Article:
FGM: Forced Sexual Honor

2016 Ramadan GraphicFemale genital mutilation (FGM) often occurs in honor-based cultures. The mutilation of a woman’s genitalia is intended to maintain family honor by preserving a woman’s virginity until marriage. The intended result is to reduce her sexual drive to ensure she will not engage in premarital or extramarital sexual behavior.

The AHA Foundation reports that FGM is often performed on girls between the ages of 4 and 14. The number of girls in the United States under the age of 18 that are at risk for FGM has quadrupled since 1997. The U.S. Center for Disease Control and Prevention estimates that as many as 513,000 women and girls are currently at risk of FGM in the United States.

In 1996, a U.S. federal law was passed criminalizing the practice of FGM, and in 2013 the law was amended to also outlaw “vacation cutting,” which is the practice of taking a girl to another country to undergo the procedure. In addition, 24 U.S. states have their own laws outlawing the FGM.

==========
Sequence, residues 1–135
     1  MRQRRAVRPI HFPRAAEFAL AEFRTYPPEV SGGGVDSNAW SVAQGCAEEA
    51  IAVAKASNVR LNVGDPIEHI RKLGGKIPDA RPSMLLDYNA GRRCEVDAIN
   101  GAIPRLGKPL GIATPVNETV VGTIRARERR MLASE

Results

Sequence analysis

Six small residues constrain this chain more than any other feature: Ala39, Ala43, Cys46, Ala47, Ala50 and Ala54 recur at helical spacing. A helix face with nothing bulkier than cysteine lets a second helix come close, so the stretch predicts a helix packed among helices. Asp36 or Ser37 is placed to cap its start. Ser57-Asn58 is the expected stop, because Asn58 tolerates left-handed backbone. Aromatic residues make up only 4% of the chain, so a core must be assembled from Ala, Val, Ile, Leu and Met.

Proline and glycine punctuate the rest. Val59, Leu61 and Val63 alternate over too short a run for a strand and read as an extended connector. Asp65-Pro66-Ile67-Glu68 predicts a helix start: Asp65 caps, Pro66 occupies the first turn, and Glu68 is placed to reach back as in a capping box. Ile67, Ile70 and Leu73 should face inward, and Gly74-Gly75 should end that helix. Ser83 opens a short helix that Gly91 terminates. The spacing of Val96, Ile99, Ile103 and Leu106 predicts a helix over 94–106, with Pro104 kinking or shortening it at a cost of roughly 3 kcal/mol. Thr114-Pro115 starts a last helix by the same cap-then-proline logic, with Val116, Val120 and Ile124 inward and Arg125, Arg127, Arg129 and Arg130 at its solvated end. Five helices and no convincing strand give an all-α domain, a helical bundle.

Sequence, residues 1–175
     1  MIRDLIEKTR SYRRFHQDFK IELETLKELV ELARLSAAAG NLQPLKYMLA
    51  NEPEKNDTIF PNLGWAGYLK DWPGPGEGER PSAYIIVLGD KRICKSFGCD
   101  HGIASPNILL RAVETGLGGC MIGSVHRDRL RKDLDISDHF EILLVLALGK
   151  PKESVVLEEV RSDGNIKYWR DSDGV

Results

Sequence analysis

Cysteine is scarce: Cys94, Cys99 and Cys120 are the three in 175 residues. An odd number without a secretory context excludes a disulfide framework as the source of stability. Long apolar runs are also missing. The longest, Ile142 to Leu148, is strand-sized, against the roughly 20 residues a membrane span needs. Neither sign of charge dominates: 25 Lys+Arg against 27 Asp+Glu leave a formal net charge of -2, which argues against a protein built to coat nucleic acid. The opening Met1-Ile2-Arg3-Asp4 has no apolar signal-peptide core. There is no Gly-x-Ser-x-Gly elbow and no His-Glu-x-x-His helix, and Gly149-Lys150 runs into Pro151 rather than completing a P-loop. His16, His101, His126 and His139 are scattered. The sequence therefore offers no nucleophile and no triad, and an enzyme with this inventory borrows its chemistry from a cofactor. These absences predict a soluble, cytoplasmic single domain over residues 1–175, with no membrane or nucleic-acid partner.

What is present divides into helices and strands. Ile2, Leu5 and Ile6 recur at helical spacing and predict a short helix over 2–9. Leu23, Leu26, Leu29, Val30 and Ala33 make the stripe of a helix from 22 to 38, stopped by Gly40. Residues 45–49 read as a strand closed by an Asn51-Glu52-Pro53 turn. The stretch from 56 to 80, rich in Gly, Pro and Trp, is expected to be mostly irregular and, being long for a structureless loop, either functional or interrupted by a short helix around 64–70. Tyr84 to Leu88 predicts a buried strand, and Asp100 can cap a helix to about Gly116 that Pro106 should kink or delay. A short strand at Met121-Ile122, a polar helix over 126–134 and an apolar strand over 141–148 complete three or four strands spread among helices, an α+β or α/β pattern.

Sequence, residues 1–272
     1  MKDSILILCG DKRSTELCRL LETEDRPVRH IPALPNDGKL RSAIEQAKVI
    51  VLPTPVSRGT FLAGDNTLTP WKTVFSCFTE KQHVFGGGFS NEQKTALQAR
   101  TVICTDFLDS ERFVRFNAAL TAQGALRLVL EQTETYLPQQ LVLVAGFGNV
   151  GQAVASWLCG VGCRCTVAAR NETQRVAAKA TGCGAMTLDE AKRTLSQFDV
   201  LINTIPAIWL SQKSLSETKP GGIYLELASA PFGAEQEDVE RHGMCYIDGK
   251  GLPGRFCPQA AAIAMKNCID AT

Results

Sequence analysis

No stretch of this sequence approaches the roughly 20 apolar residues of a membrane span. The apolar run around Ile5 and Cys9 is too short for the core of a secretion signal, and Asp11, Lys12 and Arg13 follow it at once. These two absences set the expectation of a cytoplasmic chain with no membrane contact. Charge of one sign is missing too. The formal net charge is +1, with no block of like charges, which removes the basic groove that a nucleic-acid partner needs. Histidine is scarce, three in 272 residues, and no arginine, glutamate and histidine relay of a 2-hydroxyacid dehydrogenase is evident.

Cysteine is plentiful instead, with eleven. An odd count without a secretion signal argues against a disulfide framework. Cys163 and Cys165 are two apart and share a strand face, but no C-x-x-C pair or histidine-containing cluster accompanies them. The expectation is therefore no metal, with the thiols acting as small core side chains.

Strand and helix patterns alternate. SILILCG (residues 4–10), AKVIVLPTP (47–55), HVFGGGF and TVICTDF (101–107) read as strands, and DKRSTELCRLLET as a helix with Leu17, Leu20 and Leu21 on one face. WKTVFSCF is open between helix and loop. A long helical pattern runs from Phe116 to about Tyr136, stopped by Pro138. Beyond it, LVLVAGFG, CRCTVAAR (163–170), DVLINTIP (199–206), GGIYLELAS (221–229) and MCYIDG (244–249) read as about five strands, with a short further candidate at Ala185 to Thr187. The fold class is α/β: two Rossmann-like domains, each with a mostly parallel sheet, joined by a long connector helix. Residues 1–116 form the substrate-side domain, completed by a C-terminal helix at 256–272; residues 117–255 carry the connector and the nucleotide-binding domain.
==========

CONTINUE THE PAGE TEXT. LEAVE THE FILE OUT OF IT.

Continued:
UNICEF estimates that at least 200 million girls and women alive today have undergone FGM. These numbers increased by nearly 70 million more than was estimated in 2014 after new data was collected in Indonesia. The data revealed that Indonesia is one of the countries where FGM is most prevalent even though the practice was banned in 2006. In fact, women in Indonesia, Egypt and Ethiopia account for half of all the FGM victims worldwide. The nation with the highest prevalence of FGM is Somalia with 98% of women and girls in the nation having undergone FGM.

The World Health Organization reports that FGM has no health benefits. It can, however, cause short-term problems including shock, bleeding, infection and injury to nearby tissue immediately following the procedure and can also have long-term effects such as recurrent bladder and urinary tract infections, infertility, and complications during intercourse and childbirth.